A small Norfolk village is outraged when it is discovered that the Air Ministry proposes to acquire and use the nearby Island of Children, a bird sanctuary, as an "air firing range". A struggle of wills begins between the military and the villagers, who resort to a variety of ways to prevent damage to the historic island. Harry Tilney is all for taking on the Government, but Sally has a boyfriend stationed at the nearby Royal Air Force base, Corporal Bill Morris, so she goes to see him first.
Meanwhile, Squadron Leader Parsons is informed that his unit's mission is being changed to ground attack. The de Havilland Vampire jets have to be modified to mount rockets. Parsons is informed he will have three weeks for the conversion, then four weeks to get his men trained. His commanding officer is not at liberty to inform him that the unit will then be sent overseas, but he takes the hint.
The land acquisition is assigned to bureaucrat Mr. Wentworth, which is rather awkward for him, as he is a prominent member of a bird watching society. He comes to meet with Harry, but Harry is drunk and drives him away. The civilians then learn that fishing rights to the area were granted to the people by Henry VIII. Soapy, the professional eel catcher, can squat on the land and use those rights to block the acquisition. However, Soapy receives a letter from the Government stating that there is no evidence that such rights exist.
Bookie then discovers that the land was given to the Church by Henry VIII for assistance in quelling a rebellion. The villagers present this information to Parsons. He agrees to pass it along to the Government, but in the meantime he insists on continuing with the training. In desperation, the local people take to their boats and form a human shield around the island just before the first bombing run. However, there is cloud cover and the onsite RAF controller cannot get a message through to have the flight cancelled. Fortunately, the civilians are spotted just in time to avoid a disaster. The official inquiry will take months or a year, by which time the unit will have been sent to Malaya.John Gregson as Cpl. Bill Morris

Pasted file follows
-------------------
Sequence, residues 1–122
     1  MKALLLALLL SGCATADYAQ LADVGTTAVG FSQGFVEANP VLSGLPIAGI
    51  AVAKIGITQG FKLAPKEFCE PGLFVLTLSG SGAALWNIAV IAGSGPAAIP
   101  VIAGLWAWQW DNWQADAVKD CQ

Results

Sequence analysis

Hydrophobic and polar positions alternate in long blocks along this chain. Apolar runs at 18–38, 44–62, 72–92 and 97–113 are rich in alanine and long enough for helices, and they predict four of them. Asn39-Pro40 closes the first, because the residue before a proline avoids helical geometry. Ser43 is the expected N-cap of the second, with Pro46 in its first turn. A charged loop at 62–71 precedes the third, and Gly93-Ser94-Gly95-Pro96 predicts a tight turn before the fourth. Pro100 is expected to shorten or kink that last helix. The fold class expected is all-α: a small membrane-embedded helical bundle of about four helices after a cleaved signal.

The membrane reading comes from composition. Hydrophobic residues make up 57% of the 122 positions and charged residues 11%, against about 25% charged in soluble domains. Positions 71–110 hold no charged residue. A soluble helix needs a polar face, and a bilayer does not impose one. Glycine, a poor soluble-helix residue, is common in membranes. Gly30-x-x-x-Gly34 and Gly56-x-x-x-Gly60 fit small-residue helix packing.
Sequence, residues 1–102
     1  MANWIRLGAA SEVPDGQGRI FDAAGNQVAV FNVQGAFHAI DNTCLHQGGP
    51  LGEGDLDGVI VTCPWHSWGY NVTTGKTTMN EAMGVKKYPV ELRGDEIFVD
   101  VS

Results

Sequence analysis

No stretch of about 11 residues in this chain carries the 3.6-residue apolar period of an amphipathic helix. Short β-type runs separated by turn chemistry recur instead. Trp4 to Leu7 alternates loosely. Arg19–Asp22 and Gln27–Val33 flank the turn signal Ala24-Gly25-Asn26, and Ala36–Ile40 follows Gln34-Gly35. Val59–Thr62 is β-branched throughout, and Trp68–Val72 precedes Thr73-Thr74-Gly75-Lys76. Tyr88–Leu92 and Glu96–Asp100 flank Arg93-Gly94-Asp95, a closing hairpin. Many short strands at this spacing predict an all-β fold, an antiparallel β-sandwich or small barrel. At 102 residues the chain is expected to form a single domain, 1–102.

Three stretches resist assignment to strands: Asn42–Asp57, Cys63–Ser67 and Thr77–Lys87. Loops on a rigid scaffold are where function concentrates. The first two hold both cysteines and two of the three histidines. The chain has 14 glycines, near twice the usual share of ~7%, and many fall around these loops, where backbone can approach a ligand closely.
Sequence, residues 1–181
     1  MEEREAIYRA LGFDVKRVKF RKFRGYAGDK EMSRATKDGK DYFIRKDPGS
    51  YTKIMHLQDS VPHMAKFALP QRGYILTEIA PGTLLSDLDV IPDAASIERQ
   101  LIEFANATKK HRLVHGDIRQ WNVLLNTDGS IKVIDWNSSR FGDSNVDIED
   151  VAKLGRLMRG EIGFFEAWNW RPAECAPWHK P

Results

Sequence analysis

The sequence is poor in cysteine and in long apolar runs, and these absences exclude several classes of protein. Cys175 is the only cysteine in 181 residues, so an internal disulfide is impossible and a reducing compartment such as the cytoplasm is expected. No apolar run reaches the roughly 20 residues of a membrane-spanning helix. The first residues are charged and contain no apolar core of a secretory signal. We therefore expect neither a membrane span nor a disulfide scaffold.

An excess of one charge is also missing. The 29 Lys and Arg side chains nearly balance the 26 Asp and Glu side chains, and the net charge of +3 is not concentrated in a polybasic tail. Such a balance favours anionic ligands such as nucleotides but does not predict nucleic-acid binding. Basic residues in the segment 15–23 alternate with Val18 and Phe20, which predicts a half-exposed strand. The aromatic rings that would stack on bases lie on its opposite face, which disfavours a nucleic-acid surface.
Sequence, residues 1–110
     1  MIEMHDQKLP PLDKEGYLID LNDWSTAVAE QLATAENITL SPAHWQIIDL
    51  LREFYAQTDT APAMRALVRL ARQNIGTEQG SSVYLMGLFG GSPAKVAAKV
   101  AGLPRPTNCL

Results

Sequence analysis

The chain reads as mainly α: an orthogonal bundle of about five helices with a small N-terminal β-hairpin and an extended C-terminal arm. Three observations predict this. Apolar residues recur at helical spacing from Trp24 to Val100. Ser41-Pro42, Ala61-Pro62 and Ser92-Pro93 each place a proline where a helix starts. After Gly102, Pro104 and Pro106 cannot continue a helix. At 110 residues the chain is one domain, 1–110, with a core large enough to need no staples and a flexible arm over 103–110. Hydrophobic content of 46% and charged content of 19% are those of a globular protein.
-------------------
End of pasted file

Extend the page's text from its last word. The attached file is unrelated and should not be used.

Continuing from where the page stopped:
Muriel Pavlow as Sally
Kieron Moore as Sqn. Ldr. Parsons
Niall MacGinnis as Harry Tilney
Harry Fowler as L.A.C. 'Buster'
Guy Middleton as The Adjutant
Sheila Sweet as Fanny Bates
Campbell Singer as Flt. Sgt. Campbell
Frederick Piper as Joe Bates
Russell Napier as Wg. Cdr. Rogers
Bartlett Mullins as 'Soapy'
Edwin Richfield as 'Smother' Brooks
Margaret Withers as Mrs. Tilney
Howard Connell as F/O Flying Control
Beryl Cooke as Miss Nelson
Tony Doonan as Range Cpl.
John Gale as Range L.A.C.
Brian Harding as 1st Pilot
Barbara Hicks as Mrs. Thompson
Humphrey Lestocq as Sqn. Ldr. Davidson
Charles Lloyd-Pack as 'Bookie'
William Mervyn as Mr. Wentworth / Col. Wentworth
Brian Moorehead as 3rd Pilot
Hugh Moxey as Mr. Ruddle
Dorothea Rundle as Mrs. Trotter
Harold Siddons as Flt. Lt. Edwards
David Spenser as Cpl. Flying Control
Peter Swanwick Sgt. Working Party
Guy Verney as 2nd Pilot
Gwenda Wilson as Miss Flew
George Woodbridge as 'Old Circular' (Man in charge of Pumping-Station)
It was based on the first novel by Don Sharp. A reviewer from the Sydney Morning Herald described it as follows:
This reviewer's guess is that the story began as a film scenario, which could explain the precise, illustrative, uninspired style of the novel. Tasmanian-born Don Sharp has been in turn actor, broadcaster and film producer; and a background of that kind rarely favours the novel form. One sees its influence in sentences such as: "The villagers greeted Sally conventionally"-a playwright's note of guidance to a producer, rather than a novelist's picture of a scene... Behind the quietly amusing account of this controversy [the storyline] is the larger question whether English tradition must bow before the needs of national security, and Don Sharp debates it with intelligent sympathy. But the novel suffers because his characters are wooden and shaped to convenient patterns. It is as if they require to be brought to life by good actors in one of those rural settings which English film producers contrive so well.
The Brisbane Telegraph thought the novel "deserves to be welcomed with banners and trumpets. "Conflict of Wings" is innocent of fancy technique, and its simple prose seems to capture the cool, wind swept quality of the Norfolk marshes beloved by the author."
It was originally called The Norfolk Story.
The film was made at Beaconsfield Film Studios, on location in Norfolkand in East Yorkshire at RAF Leconfield. The film sets were designed by art director Ray Simm.
The film was re-titled for the American market as Fuss Over Feathers.